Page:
Girl Talk: Modesty & Objectification
By Marah Grant on in Personal with 3 Comments
Charm is deceptive, and beauty is fleeting;
but a woman who fears the Lord is to be praised.
Can I take a moment to have a little girl talk with you? It’s not a girl talk that means only girls are welcome to read, but a talk centered on girls and what is happening to them. Boys, you’re allowed to be here. Please, make yourselves a home!
You haven’t read very much yet, so I assume the first thing you might be asking yourself based on the title of this post is “what does this have to do with photography?” Two things. First, I firmly believe that I am part of an industry that is doing a huge disservice to girls and I’m here to fight it. I have a voice. I’m here to use that voice to argue against that which I believe to be wrong and unfair. Today I’m using my voice to advertise. I watched a documentary last night that changed my life. I want to encourage as many people as possible to watch it an learn with me. More on that later. Secondly, this is part of my heart beat. This post is about who I am. I plan to be very vulnerable and honest in this blog. Some of you might like what I have to say, some of you might hate it. I know that some of you might chose to hire me in the future to take photos of you. I believe that by sharing the deepest parts of me on this blog I am building a relationship of trust with you so that when I take photos of you, you will know that I am fighting for you and with you to help you look your best. That I want to represent the truest, most beautiful, honest, and vulnerable parts of your spirit. I want to show you your own beauty.
Let me tell you a little about myself. I’m a smart witty girl who believes in the power of women. I’m slowly becoming more of a feminist and I believe that’s a good thing. I’m learning that feminism isn’t a dirty word. It’s about embracing the full potential of womanhood. God is teaching me that he has created me to be a strong woman and teaching me how to fully embrace that roll. One of the biggest influences leading me in that belief right now is this book. I recommend it.
In addition to being a woman who believes in the God-given power of women…
I’m curvy and feminine and I will boldly, honestly, but shamefully admit that I have knowingly wielded the sword of my looks for evil. (I believe that any courageous woman would admit that she too has done so.) I have received both wanted and unwanted attention for my curves and I’m sure I have reacted both appropriately and inappropriately to both sides of that attention. I have feminine wiles. We all do. I try to keep that side of me under control. In my 30-some years have worn skirts that are too short, I have worn tops that are too low, I’ve worn materials that were too thin. On the flip side, I have had wardrobe malfunctions that were beyond my control. I’ve ignorantly worn things that were a problem and then felt guilty for innocent mistakes. I both understand and yet still underestimate the power that my appearance can have on the opposite sex. I fight with myself on this topic. Daily. I fight with department store dressing rooms. I fight with my closet. I fight with my insecurities. I fight the thought pattern that runs through my head when I stand in front of a mirror wondering “can I get away with this neckline?” or “will this skirt be ok when I sit down?” I’ve spent a lot of time losing the battle of modesty and insecurity with myself.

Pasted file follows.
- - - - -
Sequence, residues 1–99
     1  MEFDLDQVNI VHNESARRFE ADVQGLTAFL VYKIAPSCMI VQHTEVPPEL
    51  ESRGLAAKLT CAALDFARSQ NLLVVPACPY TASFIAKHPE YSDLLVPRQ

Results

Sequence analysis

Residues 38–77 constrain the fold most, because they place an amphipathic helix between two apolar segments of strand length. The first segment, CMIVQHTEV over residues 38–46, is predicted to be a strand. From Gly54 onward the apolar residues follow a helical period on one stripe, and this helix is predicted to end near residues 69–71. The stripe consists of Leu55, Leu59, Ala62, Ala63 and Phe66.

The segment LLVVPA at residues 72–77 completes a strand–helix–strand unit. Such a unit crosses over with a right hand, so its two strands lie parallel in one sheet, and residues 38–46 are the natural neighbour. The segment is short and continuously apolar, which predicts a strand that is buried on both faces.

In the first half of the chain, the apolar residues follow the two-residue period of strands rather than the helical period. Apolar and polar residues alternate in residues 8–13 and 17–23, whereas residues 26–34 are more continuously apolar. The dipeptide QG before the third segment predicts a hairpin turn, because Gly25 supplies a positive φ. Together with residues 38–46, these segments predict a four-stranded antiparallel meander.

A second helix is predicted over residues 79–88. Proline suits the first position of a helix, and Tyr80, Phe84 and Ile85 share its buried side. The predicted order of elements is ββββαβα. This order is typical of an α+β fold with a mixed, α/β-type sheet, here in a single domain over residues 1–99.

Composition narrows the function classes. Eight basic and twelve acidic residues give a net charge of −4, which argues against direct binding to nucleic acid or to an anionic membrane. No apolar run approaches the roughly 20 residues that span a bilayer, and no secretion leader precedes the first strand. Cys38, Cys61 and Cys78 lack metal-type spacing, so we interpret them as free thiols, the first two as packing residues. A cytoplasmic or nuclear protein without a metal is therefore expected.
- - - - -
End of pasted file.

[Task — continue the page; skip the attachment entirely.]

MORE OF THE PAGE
This. is. tough. There is no doubt about it.
Additionally, I acknowledge that men fight with this issue too. They struggle with temptation. I believe that for the most part they don’t maliciously objectify, but I also don’t believe that it’s not completely beyond their control. Men aren’t all rapists, pornographers, or pimps in the making. They also aren’t brainless or completely instinctual. Men should not be reduced to mere mammals with urges. To claim they are such is insulting, demeaning, and sexist. Men wrestle with keeping their minds pure in a culture where they are bombarded with imagery designed to distract their minds and hearts. They need help understanding respect, boundaries, love, and equality.
Bottom line: We’re all fighting to stay kosher. We’re all trying to define respect. We’re all trying to make a black and white line in an area that is pretty darn grey and subjective. I’d like to think that we’re all on the same team here. I hope we are. I hope we ALL want what is right, true, dignified, fair and equitable. I write with that assumption in mind.